* The most elegant and delightful example of the role of activity in visual learning is provided by the experiments of Held and Hein (19). Kittens from the same litter spend several hours a day in a contraption which allows one kitten fairly complete freedom to explore its environment actively, just as a normal kitten. The other is suspended passively in a gondola that, by a simple mechanical arrangement, is moved in all directions by the exploring kitten so that the gondola passenger is subjected to the same play of visual imagery as the active kitten, but none of this activity is initiated by the passenger. Its visual world is provided for it just as it is for us on a TV screen. When not in this contraption both kittens are kept with their mother in darkness. After some weeks, tests show that the active kitten has learned to utilize its visual fields for giving it a valid picture of the external world for the purpose of movement just as well as a normal kitten, whereas the gondola passenger has learned nothing.
The spirit of scientific method in learning environments
The fact of learning has much in common with building a scientific theory (20). Papert emphasizes this idea in reference to learning a physical skill. He considers programming as a source of descriptive mechanisms, that is to say as a means of strengthening language. When a child learns to program with Logo, he uses the bricolage or tinkering method, a technique often used in scientific research or in artistic creation. It is a road with a beginning but which holds many surprises (21, 22, 23).
Popper describes the human being as a fallible creator of knowledge through conjectures and refutations. Consequently education should emphasize the process of problem solving rather than obtaining results. Popper believes it is impossible that knowledge is derived only from observation. Observation, he asserts, comes after expectations. And this applies to the baby who tries to grab everything he sees as much as to the scientist who creates new theories about the universe: both proceed by trial and error, correcting their theories in the light of unfulfilled expectations. Popper says: “If I perceive a sofa, I immediately think one can sit on it. This is part of perception. That is why perception essentially surpasses the content of the signs” (24). “The process of bringing, by means of mutation and selection, the cognitive structures to the real world is not so much a process of adaptation as a process of active construction of theories and of testing them through the difficult process of examination” (25). Papert adopts a similar criterion for the application of Logo and explains: “…when a student, or anyone, sticks with the drive to make an actual connection, an actual program actually run (in a computer or in life), then rigor grows. Discipline flips from the external and oppressing ‘get it right’ to the internal and intellectual ‘make it work'” (26). When programming with Logo children get used to the idea that, in most cases, it is better to find a quick, simple, economic, solution to a problem, and then debug it until it works properly, than to insist on a definite, slow, and complex solution, apparently without mistakes. And he adds: “What an individual can learn, and how he learns it, depends on what models he has available” (27).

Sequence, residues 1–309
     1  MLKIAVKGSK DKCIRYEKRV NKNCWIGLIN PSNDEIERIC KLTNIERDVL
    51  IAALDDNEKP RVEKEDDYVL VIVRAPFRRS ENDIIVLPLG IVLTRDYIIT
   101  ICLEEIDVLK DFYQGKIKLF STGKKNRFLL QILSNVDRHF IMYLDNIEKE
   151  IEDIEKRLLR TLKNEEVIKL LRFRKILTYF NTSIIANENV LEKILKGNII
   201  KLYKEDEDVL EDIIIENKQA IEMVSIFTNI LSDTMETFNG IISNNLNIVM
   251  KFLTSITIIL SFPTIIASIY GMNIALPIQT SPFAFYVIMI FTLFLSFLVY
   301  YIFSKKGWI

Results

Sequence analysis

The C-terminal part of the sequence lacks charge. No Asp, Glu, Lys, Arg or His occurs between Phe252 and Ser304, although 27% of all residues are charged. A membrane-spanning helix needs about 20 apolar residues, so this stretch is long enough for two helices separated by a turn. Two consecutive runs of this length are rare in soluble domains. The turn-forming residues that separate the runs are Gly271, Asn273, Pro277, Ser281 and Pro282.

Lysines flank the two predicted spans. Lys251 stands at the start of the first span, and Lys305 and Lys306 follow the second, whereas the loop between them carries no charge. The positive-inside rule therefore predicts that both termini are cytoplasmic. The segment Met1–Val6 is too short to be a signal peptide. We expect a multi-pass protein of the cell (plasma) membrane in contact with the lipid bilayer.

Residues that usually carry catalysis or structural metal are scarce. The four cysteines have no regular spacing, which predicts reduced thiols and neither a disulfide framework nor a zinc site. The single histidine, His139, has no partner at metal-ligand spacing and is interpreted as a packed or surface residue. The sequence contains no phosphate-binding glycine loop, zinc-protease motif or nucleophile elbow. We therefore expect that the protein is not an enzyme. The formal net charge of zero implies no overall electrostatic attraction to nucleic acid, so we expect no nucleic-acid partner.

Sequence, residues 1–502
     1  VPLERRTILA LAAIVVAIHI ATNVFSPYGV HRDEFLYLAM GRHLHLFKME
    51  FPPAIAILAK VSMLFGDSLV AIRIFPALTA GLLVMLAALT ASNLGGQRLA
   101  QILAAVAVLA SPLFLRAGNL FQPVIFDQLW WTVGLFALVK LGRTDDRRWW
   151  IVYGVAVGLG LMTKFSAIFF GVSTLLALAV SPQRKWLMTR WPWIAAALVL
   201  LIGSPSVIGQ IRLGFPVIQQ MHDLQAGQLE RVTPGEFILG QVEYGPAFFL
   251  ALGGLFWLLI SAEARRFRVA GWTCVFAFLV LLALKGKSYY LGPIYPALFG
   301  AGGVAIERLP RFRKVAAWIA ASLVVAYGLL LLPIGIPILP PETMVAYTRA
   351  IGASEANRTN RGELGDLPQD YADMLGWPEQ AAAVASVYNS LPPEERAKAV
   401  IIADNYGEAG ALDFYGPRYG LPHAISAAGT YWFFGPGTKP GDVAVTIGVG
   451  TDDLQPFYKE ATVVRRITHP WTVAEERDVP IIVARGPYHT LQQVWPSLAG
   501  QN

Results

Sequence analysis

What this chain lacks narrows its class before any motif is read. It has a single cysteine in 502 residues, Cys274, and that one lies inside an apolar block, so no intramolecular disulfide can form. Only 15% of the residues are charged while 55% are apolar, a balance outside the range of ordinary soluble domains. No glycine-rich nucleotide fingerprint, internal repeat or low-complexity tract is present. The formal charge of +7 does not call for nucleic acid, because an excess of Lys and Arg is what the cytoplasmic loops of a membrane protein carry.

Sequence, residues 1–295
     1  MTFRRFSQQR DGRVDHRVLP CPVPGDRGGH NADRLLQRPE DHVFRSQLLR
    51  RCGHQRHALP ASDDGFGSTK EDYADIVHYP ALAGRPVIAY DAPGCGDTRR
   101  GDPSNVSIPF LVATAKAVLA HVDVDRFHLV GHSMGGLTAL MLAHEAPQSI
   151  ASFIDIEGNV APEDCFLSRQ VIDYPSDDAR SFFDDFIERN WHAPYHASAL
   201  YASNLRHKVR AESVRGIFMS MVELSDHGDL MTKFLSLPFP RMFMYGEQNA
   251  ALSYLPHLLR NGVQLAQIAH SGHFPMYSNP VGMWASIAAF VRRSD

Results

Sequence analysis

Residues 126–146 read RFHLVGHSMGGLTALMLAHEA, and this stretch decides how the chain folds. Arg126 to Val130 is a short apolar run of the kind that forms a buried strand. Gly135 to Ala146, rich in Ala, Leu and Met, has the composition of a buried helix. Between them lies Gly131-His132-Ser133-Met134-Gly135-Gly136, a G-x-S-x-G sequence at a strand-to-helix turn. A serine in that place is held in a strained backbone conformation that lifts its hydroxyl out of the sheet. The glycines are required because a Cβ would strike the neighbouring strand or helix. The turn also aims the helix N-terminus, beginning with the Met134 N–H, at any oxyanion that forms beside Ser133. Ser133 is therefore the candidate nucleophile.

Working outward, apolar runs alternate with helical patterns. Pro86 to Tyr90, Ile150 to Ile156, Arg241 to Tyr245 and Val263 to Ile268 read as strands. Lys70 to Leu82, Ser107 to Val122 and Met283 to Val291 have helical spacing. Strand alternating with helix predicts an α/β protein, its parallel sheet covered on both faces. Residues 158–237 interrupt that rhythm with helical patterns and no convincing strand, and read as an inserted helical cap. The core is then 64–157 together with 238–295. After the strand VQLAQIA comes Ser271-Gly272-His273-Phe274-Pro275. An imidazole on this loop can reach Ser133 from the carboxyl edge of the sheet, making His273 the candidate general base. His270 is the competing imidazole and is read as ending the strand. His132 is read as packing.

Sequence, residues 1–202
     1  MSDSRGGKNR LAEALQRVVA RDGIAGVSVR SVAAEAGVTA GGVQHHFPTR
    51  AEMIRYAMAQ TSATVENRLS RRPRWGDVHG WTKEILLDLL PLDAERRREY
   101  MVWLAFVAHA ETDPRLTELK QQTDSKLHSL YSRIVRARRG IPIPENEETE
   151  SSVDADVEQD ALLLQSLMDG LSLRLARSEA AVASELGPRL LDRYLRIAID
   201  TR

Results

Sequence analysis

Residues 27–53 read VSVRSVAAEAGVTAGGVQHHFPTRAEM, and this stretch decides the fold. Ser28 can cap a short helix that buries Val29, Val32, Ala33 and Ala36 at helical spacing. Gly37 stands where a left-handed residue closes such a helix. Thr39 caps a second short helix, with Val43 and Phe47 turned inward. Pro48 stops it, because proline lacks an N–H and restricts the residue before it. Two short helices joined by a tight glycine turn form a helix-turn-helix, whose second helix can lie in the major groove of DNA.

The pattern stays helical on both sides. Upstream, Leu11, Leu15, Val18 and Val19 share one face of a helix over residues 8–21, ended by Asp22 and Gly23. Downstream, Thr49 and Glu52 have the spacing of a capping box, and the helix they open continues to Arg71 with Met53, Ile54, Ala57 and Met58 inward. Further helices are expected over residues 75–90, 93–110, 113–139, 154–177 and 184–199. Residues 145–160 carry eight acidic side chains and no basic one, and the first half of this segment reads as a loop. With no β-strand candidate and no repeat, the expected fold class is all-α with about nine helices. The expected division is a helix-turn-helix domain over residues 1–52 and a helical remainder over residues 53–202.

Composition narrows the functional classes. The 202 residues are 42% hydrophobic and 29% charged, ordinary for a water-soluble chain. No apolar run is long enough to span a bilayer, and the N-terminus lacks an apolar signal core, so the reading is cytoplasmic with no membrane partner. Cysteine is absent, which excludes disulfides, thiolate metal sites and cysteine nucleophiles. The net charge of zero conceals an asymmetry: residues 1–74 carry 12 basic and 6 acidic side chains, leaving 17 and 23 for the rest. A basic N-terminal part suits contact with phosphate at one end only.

Thus, the classroom –just as the laboratory– provides a context where theories can be built and refuted, a place where errors can be committed… and where one can learn from them. The teacher is not a judge but a person who provides the proper environment where the child can recognize errors and correct them. Autonomy is a goal of learning that can only be achieved when learning itself becomes an exercise of autonomy.
The child as protagonist of the learning process
These theories about the learning process impose changes in the teacher-student relationship. In the new learning settings teachers learn and students can create complex theories. Karl Popper considers that a new ethics is necessary based on a new kind of fallible, uncertain knowledge, as he believes that errors are unavoidable. And he explains: “Any new discovery, or new concept, falsifies a theory established up to that moment; a theory that does not produce it, that can not produce it. The theory, for example, that one can not speak with someone in a distant place, therefore telephones can not exist, is constantly verified till the telephone was invented. The same is true for the theory that says that people can not fly. Thus, this means that any theory that has been built based on the fact that anything like that does not exist, has been up to that moment constantly confirmed” (28). That is why, the importance given to the development of critical thinking oriented to the discovery of error; a concept shared by advanced researchers like Marvin Minsky who asserts: “To understand how something works, it helps to know how it can fail” (29).
Although Karl Popper never dealt specifically with education, H. J. Perkinson shows “his system of conjectures and refutations may be fashioned into a model of education –an approach which views the teacher not as someone who injects predigested knowledge into the passive minds of students, but as one who elicits student responses, creates environments in which ideas can be criticized freely and mistakes made without humiliation: in short, a classroom in which the student is respected as a solver of problems and originator of ideas” (30).